The best of documentaries somehow merge the very best of documentarian with the very most in people. Dolphin Boy is one of those extraordinary documentaries that catches within a single tale, the very best, and the very worst of people. And the right documentarians – Dani Menkin and Yonatin Nir – were there to record it on film.
I’m slow to catch documentaries when they are current, so for many of you who stumble on this blog, what I say may be old news as Dolphin Boy came out in 2011.
But I will say it nevertheless: Dolphin Boy is a beautiful documentary. It has all the themes of life – raw, heartfelt.
I never understand how some people can allow documentarians to get so close to them – I sure as hell wouldn’t want to be an actor in my own life – but I love some of those who do. -Which means, of course, that we have to put up with all the shit that is called Reality TV. But that’s a small price. We’re all living in shit – it’s just that some people are in it a little deeper.
And someone has to act in the great parables of life, so I’m glad that Morad’s father allowed the film to happen.
How else would I see a Muslim 17-year-old boy overcome with PTSD be taken by his father to an Israeli Dolphin Retreat at Eilat?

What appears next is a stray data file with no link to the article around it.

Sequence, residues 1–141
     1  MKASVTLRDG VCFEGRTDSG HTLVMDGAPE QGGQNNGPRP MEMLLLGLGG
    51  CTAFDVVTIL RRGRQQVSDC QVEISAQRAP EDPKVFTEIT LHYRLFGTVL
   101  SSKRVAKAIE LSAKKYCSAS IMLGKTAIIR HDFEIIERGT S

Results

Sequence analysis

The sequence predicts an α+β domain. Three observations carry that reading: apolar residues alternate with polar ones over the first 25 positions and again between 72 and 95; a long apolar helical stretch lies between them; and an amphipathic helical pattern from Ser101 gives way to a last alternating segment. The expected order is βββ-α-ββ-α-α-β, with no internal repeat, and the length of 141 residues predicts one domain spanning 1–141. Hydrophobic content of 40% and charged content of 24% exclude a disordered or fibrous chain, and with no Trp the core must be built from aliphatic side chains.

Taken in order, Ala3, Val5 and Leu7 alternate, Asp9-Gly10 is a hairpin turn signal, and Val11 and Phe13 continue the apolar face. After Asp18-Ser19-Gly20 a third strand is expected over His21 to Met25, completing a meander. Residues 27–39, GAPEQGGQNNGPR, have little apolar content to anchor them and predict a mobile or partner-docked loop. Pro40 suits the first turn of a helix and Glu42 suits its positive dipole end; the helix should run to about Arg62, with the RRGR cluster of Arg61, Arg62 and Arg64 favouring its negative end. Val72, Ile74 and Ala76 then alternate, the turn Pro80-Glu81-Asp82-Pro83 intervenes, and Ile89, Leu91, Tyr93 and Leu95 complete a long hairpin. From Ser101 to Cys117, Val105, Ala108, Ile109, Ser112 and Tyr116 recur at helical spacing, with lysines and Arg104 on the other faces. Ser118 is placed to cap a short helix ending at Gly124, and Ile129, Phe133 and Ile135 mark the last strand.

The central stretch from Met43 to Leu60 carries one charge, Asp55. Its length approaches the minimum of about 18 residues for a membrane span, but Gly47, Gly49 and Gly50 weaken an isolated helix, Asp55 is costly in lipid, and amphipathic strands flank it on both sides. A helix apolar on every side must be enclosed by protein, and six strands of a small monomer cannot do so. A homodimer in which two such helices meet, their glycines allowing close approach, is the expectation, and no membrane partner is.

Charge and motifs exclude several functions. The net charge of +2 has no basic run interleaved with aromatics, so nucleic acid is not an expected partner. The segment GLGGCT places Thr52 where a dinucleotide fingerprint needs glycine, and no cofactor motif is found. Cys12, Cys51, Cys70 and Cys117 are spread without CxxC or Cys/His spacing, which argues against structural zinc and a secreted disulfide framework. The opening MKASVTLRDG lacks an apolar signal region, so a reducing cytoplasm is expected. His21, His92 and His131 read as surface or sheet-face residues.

How else to see a Muslim father, whose son was beaten nearly dead by the male relatives of a female schoolmate, they mistakenly thought having an affair with the girl; a Muslim father who does not seek retribution – “village style” – even when all the men in his family were telling him t do so. He refused to do so, preferring to heal his son, and letting the courts deal with the men.
Yet, here still is a Muslim man, who to my Western eye, ignores absolutely his wife and daughter – in his pursuit of helping his son. “The blood of his loins.”
After the beating, and after the hospital, Morad is taken to a PTSD specialist – he is completely dissociative. He appears ready for the mad house. In fact, as a last desperate measure before he to be institutionalized, his father takes a leap of faith and takes his son to a new therapy treatment being developed with dolphins on the coast.
The magic between Morad and the dolphins is almost instantaneous. It nearly makes you weep!
And the paradox of his healing – recorded over four years – is that Morad will have to leave the dolphins and return to his village.
Why should he leave? Why?
Oh, my sentimental heart! It would be such a happy ending if he stayed.
But a parable is not about endings. It is about life, and the young man – now 21 – now healed, must return home the prodigal son. Back to his village and his responsibilities to his family.
Beautiful! Simply beautiful!
I found it on CBC’s “The Passionate Eye”